The basic elements of programming are methods. If you have many methods you want to group them in classes. If you have many classes you want to group them in packages. If you have many packages you want to group them in bundles. If you have many bundles you group them in features, but if you have many features …stop!, STOP!!!

Isn’t this insane? Every time we scale up to the next level we need a new programming concept? Like, someone invented the +1 operator and I can trump him by inventing a +2 operator, and you trump me by …? Haven’t we learned the 101 of programming: abstraction? I guess not many folks in Java-land are aware of a language called gbeta, where classes and methods are unified to “patterns” and no other kinds of modules are needed than patterns. It’s good news that the guy behind gbeta receives one of this year’s prestigious Dahl-Nygaard prizes: Erik Ernst. Object Teams owes much to Erik and I will speak more about his contributions in a sequel post.

Another really smart guy is Gilad Bracha, who after working on Java generics (together with Erik actually) and even JSR 294 decided to do something better, actually doubleplusgood. While he upholds the distinction between methods and classes he makes strong claims that no other modules than classes are needed, if, and here is the rub: if classes can be nested (see “Modules as Objects in Newspeak“).

Modules in Java: man or boy?

Let me briefly check this hypothesis:

The proliferation of module concepts in Java is due to the lack of truly nestable modules.

Which of the above mentioned concepts supports nesting? Features support inclusion which isn’t exactly nesting, but since features are actually defied by OSGi purists, I don’t want to burn my fingers by promoting features. Bundles cannot be nested, bummer! Some people actually think packages support nesting, with two reasons for believing so: packages are mapped to directories in a files system or in a jar and directories can be nested, plus: packages have compound names. However, semantically the dot in a package name is just a regular part of the name, it has no special semantics. Speaking of package foo.bar being a “sub-package” of foo is strongly misleading as the relation between them two is in no way different from the relation between any other pair of packages. All packages are equalst. Perhaps you recall the superpackage hero (or
the strawman of that hero), which introduced the capability that a public class can actually be seen by classes from specific superpackages only. And: superpackages where designed to support nesting. Now superpackages are “superceded” by Jigsaw modules, which don’t support nesting. Great, they invented the +3 operator. That’s award winning!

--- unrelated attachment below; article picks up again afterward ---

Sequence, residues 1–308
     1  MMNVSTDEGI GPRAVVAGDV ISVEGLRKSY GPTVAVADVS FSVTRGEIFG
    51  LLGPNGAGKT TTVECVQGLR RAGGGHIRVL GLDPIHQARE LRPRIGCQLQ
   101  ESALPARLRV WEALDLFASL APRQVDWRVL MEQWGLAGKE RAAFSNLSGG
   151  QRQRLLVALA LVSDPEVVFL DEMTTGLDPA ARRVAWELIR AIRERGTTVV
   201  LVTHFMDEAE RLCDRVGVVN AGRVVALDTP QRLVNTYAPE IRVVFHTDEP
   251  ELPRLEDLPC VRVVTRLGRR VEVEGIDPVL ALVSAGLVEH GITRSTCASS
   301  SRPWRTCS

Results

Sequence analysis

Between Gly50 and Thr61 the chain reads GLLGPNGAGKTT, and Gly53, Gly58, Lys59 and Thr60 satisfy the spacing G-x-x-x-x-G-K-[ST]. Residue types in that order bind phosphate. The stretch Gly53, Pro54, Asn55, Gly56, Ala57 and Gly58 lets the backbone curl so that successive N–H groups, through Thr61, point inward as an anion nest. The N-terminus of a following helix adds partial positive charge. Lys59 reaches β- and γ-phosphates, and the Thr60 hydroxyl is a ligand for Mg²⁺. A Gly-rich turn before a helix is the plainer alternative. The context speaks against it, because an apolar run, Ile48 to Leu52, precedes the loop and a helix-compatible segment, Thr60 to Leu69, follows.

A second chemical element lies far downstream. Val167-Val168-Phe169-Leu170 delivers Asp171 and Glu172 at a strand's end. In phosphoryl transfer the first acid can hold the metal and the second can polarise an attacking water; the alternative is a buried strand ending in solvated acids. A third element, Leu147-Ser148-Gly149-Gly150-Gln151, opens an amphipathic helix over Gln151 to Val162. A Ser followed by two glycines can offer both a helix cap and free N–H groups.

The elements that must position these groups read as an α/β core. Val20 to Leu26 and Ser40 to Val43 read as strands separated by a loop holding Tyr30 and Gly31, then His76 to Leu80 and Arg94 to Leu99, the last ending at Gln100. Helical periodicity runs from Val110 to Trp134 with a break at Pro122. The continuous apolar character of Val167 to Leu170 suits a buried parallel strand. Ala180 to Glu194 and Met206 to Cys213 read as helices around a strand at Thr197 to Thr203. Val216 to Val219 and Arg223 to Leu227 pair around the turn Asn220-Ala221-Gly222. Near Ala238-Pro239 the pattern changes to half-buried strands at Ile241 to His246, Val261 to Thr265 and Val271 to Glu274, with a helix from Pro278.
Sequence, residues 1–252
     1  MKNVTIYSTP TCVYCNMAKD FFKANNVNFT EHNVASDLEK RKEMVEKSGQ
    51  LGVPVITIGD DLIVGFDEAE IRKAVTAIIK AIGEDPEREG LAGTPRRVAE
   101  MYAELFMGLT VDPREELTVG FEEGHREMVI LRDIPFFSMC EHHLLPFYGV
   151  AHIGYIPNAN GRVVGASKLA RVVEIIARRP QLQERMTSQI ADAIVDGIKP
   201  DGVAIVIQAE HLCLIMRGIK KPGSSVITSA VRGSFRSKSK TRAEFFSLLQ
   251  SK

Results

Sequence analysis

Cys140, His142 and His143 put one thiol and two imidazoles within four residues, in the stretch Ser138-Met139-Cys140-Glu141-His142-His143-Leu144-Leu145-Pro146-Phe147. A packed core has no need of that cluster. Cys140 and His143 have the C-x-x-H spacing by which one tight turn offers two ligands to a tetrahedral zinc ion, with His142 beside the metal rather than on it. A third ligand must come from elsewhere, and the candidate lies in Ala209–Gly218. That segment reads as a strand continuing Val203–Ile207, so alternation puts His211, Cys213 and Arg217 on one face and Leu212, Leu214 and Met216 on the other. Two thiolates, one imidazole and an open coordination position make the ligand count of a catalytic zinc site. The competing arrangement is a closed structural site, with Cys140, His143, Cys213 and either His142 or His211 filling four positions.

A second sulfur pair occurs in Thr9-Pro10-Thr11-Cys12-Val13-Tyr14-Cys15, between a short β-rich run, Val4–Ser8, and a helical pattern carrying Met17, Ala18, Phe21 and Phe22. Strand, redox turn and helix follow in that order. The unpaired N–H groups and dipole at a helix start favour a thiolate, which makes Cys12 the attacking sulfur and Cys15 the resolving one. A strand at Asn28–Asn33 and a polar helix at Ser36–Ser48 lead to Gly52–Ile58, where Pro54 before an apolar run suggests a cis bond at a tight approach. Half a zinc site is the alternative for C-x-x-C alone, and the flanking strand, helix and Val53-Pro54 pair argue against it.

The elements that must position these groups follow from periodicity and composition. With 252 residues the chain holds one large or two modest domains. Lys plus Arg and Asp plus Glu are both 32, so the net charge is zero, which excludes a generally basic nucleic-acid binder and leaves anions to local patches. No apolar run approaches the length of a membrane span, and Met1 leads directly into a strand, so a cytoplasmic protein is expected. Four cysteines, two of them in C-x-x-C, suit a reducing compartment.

Finally classes: surprisingly, yes, classes can be nested. Unfortunately, still today it shines through that nested classes are an after-thought, the real core of Java 1.0 was designed without that. E.g., serializing nested classes is strongly discouraged. How many O/R mappers support non-static inner classes? The last time I looked: zero!

Nested classes: flaws and remedies (part 1)

I see three conceptual flaws in the design of nested classes in Java:

  1. scoping (2 problems actually)
  2. forced representation
  3. poor integration with inheritance

I discuss the first two in this post, the third, inheritance, deserves a post on its own right.
For each problem I will briefly show how it is resolved in OT/J. First off, I should mention that OT/J maintains compatibility with Java by applying any modified semantics only inside classes with the team modifier.

Scoping

Consider the following Java snippet:

public class City {
   TownHall theTownHall = new TownHall();
   class TownHall {
       class Candidate { }
       Candidate[] candidates;
       void voteForMayor(Candidate candidate) { ... }
   }
   class Citizen {
       void performCivilDuties() {
           ...
           theTownHall.voteForMayor(theTownHall.candidates[n]);
       }
   }
}
 

In this code we can actually make all methods, fields and nested classes private, to the end that external clients see none of these internal details of a City, whereas classes at the inside can blithely communicate with each other. Thus we have created a wonderful module City which can use all accomplishments of object-oriented programming for its internal structure – well hidden from the outside. In Java, however, this is flawed in two ways: